The electric car revolution continues – now it’s the turn of the MINI E to start trials.
Forty electric MINI E cars have been handed over at MINI’s Oxford plant to their test drivers, who are all members of the public. This marks the start of two consecutive six-month field trial periods which will evaluate the psychological, social and technical aspects of living with an electric car. The findings will be used both to inform the BMW Group engineering teams, as they create zero emissions vehicles for the future, and the wider world to help guide power providers, policy makers and component manufacturers in their decision making.
The trial is part of a BMW Group UK-led consortium. Additional funding is provided by the Government-backed Technology Strategy Board and the Department for Transport (DFT) as part of a UK-wide programme involving trials of 340 ultra-low carbon vehicles from several manufacturers.
To cover the research and investment costs of the project a MINI E would normally cost in the region of £550 a month to lease, however part funding from the Government’s Technology Strategy Board means that the lease cost to MINI E pioneers is just £330 per month, which includes VAT, insurance, service and maintenance. Over and above this payment, the only other costs that MINI E pioneers will incur are for the electricity they use when charging their car. A full charge at home (for a completely flat battery) costs just £1.50 when using off-peak electricity or around £4.00 when charging during peak hours. This translates to just over a penny a mile when charging off-peak.
Scottish and Southern Energy is responsible for the electrical infrastructure in the field trial area and through its supply brand Southern Electric is committed to supplying ‘green energy’ from sustainable sources to all MINI E drivers. Part of the trial involves measuring the loading on the electricity supply network, which can only be done by testing the MINI Es in a network area owned and operated by Scottish and Southern Energy.
“This pioneering trial will help us better understand the usage patterns for electric vehicles, a key issue for the energy industry over the coming years,” said Mark Mathieson, Director of Distribution for Scottish and Southern Energy. “It is clear that electric vehicles will play an important role in a lower carbon future. As a company with considerable investment in renewable energy generation, this is something we are already firmly committed to.”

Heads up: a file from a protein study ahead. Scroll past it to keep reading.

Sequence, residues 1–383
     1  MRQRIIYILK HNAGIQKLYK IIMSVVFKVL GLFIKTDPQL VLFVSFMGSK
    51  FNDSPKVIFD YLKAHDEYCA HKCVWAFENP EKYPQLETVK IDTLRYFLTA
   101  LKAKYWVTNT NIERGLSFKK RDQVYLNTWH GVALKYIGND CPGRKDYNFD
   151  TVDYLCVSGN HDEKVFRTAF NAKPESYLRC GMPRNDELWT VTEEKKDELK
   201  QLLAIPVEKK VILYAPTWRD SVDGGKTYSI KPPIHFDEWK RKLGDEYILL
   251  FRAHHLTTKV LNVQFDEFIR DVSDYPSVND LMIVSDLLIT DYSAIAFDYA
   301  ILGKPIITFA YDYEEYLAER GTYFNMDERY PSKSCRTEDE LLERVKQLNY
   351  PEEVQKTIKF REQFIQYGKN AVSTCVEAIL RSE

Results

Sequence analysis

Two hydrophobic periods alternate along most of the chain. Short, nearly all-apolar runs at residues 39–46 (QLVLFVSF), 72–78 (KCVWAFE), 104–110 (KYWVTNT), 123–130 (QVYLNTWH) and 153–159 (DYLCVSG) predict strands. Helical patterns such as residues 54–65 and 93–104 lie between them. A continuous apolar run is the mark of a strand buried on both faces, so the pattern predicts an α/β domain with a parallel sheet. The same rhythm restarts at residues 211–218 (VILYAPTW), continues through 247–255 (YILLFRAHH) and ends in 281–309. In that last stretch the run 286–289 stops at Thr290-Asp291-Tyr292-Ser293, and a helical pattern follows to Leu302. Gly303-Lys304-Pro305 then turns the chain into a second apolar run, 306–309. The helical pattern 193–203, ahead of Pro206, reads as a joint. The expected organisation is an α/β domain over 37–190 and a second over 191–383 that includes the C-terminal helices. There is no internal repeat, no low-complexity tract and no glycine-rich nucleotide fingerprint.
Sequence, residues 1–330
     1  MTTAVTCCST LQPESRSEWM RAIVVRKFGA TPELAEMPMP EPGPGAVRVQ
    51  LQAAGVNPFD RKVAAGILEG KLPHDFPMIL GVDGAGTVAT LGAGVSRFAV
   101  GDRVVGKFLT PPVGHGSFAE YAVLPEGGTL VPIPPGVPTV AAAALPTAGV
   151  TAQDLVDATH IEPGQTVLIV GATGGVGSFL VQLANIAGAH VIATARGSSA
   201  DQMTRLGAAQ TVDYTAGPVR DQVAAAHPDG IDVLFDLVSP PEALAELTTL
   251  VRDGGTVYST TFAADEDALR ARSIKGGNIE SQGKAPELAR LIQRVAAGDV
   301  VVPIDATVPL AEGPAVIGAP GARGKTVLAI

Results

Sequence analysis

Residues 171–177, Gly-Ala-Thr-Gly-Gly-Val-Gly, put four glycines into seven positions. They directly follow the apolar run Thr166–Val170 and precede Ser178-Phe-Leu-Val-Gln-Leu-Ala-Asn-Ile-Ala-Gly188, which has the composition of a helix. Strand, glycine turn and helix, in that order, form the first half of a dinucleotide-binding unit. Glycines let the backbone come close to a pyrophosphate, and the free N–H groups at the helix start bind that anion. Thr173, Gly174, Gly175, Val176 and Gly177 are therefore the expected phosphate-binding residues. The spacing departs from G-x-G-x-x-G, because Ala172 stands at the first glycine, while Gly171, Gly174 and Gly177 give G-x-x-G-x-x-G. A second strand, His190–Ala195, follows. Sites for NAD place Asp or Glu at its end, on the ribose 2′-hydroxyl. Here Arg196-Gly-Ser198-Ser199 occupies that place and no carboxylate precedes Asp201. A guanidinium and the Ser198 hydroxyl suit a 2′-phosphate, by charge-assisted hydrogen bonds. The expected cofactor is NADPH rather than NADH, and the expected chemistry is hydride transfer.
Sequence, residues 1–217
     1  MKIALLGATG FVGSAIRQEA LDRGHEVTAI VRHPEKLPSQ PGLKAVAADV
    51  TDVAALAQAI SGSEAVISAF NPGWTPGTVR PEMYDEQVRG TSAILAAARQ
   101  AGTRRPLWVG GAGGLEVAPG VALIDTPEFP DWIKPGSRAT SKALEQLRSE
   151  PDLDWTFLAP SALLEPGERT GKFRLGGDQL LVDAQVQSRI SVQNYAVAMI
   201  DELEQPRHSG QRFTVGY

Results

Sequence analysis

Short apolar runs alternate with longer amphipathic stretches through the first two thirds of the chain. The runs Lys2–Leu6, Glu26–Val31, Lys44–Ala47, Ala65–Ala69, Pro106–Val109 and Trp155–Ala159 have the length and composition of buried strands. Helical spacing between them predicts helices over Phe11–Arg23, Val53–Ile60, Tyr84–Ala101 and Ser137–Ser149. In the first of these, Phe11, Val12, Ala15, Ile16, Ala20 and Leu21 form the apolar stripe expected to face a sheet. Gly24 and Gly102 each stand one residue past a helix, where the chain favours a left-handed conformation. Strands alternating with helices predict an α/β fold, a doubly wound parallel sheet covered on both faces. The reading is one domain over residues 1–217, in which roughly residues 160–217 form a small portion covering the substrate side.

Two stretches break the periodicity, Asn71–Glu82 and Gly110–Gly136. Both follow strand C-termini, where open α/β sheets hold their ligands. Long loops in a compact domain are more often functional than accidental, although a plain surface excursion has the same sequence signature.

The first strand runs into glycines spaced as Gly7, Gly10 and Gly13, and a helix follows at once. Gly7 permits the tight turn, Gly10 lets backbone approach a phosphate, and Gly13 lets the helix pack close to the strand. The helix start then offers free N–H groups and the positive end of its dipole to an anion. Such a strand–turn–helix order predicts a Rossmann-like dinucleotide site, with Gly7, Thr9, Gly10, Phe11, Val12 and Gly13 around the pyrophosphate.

Oxford Brookes University’s Sustainable Vehicle Engineering Centre will manage the collation of qualitative and quantitative research throughout the UK trial. This will include analysis of driver experiences with the MINI E, as well as reviewing the technical information provided by the data-logging units fitted to every MINI E.
SEEDA, Southern and Scottish Energy, Oxford City Council and Oxfordshire County Council are trialling 20 of the MINI E trial cars in a fleet environment. This requires the establishment of an appropriate technical infrastructure in each organisation’s local area and contributes further to the consortium’s common objective of being at the forefront of sustainable transport initiatives.
The MINI E’s electric drive train produces a peak torque of 220 Nm and a power output equivalent to 204hp. Drive is delivered to the front wheels via a single-stage helical gearbox. This unique engine and transmission arrangement powers the MINI E to 62 mph in 8.5 seconds and on to an electronically-limited top speed of 95 mph.
Based on the familiar MINI Hatch, the MINI E is a two-seater because the space normally used by rear passengers is reserved for a lithium-ion battery. This state-of-the-art rechargeable battery unit combines high output with good storage capacity and power output.
A full recharge draws a maximum of 28 kilowatt hours of electricity from the grid. Each kilowatt hour translates into 5.4 miles giving the MINI E a theoretical range of over 150 miles. Besides the benefit of zero-emissions driving, at point of use, the MINI E offers significant economic advantages over a vehicle powered by a conventional internal combustion engine.
As soon as the driver lifts his or her foot off the accelerator pedal, the electric motor acts as a generator. This results in braking force and the power recovered from the kinetic energy is fed back to the battery. In city traffic, some 75 per cent of all deceleration can be done without the brakes. Making substantial use of this energy regeneration feature extends the car’s range by up to 20 per cent and contributes to a smooth driving experience.
The MINI E demonstrates all the traditional MINI characteristics – fun to drive, go kart-like handling, good acceleration, positive feedback through the steering wheel and a well-designed interior.
BMW Group will become a Tier 1 partner for the 2012 London Olympics, supplying around 4,000 vehicles for the use of athletes, officials and media, both for the Olympics and the Paralympics. The vehicles will include low emission EfficientDynamics cars, bicycles and motorcycles, and the latest zero emissions cars will also be showcased.